Other factors, such as new certification requirements and a widespread failure to recruit would-be Black teachers as others retire, have also contributed to the disparity. And while a comparable percentage of white, Black and Hispanic college students are pursuing education degrees today, white education majors are significantly more likely to actually earn a bachelor degree than their nonwhite counterparts.
“Seattle’s a place where people think, ‘Oh, well there’s mostly white people here and that’s why we have mostly white teachers,’ ” Scarlett added. “But having a [mostly] white teaching force is a result of structural racism. There were conditions that were put in place to ensure the results that we’re seeing.”
A 2015 study published in the journal Economics of Education Review, found evidence that placing students in classrooms with teachers of their own racial or ethnic background yields “small but significant positive effects” — especially for students previously performing at a low level.
“It’s very difficult for students of color to receive messaging about what their future successes will look like … in a real, affirmative way when people don’t look anything like them,” Scarlett said.
For Alma Alonzo, a reading specialist who has worked in Seattle Public Schools for 16 years, the impact of racial representation in the classroom has been palpable.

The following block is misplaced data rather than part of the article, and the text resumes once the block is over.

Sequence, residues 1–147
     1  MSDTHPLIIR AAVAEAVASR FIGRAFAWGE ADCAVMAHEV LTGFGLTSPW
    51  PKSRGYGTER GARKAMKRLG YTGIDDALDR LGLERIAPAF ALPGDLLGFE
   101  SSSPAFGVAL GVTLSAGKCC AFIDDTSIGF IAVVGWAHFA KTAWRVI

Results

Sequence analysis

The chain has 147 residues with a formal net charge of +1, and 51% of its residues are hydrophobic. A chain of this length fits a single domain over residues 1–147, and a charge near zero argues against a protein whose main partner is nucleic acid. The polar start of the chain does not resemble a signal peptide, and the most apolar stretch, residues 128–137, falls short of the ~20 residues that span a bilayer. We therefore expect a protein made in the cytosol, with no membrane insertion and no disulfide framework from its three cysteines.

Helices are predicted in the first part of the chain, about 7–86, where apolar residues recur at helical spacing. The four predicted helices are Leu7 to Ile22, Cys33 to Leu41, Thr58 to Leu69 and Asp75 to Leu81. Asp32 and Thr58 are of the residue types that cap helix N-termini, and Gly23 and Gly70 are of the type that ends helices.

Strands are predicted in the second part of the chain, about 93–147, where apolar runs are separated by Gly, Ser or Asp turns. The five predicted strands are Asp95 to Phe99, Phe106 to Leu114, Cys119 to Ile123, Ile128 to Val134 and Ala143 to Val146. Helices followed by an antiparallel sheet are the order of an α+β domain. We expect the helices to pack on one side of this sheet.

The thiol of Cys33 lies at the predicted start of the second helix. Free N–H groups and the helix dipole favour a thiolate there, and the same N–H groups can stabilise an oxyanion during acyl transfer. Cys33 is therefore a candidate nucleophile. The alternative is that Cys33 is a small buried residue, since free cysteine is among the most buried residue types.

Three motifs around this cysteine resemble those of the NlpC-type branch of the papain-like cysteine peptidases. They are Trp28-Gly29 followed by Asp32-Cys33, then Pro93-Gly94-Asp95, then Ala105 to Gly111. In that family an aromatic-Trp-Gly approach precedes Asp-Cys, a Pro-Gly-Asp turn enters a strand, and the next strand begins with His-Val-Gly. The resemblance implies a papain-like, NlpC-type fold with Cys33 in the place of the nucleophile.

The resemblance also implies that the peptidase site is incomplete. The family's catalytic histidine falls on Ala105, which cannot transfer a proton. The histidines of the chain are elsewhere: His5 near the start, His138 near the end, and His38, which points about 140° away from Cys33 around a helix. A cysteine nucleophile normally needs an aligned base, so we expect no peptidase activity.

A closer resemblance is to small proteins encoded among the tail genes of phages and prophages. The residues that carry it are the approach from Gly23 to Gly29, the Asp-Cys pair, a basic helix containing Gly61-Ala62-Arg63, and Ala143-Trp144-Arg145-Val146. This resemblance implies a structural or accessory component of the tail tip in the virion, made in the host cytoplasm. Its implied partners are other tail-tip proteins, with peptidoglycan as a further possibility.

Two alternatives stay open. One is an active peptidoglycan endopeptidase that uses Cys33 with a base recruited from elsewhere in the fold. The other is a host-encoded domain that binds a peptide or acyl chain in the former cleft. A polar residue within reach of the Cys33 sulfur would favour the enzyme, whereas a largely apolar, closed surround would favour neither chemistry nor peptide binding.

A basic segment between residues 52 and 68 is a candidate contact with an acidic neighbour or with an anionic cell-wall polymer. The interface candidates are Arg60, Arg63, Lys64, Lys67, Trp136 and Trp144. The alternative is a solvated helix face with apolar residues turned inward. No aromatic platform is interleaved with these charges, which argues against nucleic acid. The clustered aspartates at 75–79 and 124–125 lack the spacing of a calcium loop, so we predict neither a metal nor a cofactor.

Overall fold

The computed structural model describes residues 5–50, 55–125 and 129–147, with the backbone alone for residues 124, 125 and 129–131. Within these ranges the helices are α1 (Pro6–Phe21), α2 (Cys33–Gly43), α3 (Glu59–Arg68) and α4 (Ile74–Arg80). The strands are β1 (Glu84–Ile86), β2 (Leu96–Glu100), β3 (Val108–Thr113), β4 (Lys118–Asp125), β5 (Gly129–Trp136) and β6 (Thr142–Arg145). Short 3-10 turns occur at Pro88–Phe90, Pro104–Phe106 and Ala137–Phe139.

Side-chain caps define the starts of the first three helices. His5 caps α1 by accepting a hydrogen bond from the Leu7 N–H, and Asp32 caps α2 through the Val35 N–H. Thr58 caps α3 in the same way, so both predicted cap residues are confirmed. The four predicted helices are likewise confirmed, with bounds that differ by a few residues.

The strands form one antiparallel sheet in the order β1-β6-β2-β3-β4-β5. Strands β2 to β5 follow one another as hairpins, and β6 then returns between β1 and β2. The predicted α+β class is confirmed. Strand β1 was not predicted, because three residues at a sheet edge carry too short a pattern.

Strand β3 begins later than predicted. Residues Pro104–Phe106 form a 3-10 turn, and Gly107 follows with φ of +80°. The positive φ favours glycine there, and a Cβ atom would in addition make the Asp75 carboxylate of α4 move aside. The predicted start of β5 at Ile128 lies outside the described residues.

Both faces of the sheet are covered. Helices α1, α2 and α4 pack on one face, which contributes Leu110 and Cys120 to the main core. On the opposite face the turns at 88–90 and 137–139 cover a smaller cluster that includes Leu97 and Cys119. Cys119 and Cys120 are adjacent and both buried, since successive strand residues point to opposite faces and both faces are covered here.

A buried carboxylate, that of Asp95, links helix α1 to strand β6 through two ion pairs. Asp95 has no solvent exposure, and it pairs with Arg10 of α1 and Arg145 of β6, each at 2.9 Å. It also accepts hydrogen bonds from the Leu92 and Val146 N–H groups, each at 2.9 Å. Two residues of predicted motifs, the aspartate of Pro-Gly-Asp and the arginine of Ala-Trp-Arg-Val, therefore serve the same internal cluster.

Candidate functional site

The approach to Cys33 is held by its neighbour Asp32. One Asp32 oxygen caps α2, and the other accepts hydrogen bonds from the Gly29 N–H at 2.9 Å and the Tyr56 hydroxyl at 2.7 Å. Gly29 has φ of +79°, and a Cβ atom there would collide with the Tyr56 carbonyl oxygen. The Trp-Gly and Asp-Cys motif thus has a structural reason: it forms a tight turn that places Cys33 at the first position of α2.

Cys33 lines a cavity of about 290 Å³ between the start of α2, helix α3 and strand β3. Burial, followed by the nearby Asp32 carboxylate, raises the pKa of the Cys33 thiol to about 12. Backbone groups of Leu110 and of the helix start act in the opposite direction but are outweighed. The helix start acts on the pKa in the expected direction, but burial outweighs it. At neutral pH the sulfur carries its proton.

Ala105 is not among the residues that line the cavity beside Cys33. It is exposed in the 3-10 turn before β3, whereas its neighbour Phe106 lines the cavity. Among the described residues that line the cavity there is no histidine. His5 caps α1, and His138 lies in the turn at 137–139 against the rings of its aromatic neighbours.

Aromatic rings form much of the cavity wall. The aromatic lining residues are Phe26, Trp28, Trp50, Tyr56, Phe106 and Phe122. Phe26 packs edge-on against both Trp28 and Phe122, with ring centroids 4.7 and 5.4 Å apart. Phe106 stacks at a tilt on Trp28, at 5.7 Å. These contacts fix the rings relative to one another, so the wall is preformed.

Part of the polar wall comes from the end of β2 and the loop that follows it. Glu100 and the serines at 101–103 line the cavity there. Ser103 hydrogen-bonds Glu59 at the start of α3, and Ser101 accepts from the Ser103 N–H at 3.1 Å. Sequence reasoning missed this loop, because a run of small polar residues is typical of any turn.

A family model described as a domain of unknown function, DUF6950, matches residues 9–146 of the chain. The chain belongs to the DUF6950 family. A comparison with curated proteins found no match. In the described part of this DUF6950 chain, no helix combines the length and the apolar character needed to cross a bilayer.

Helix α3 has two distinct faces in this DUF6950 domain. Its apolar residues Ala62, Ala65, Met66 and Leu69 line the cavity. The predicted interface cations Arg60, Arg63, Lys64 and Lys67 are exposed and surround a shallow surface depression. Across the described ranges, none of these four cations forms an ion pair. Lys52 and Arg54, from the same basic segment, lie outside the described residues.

When students can relate culturally to people teaching them, “a lot of engagement is sparked,” she said. “I’ve had the only Asian kid in my class who’s so happy to have a teacher who looks like them.”
Alonzo also pointed to what she believes is a greater propensity of teachers of color to help students navigate institutional barriers that arise in one’s education and advocate for themselves.
She also expressed that having a considerable network of educators of color has been beneficial to her own work experiences.
“It’s so much easier to be in a building that has a lot more staff of color than to maybe be in a building where I’m five of 40,” she said. “The chances of microaggresions go down, and there’s a greater feeling of safety when you’re around other people who understand your experiences as an educator of color.”
But having diversity among classroom teachers, Scarlett contends, is advantageous for all students — not just those who are underrepresented.
“Being around culturally diverse staff people helps them understand the world they interact with outside of school walls,” Scarlett went on. “It helps our entire society to have diverse representation start here.”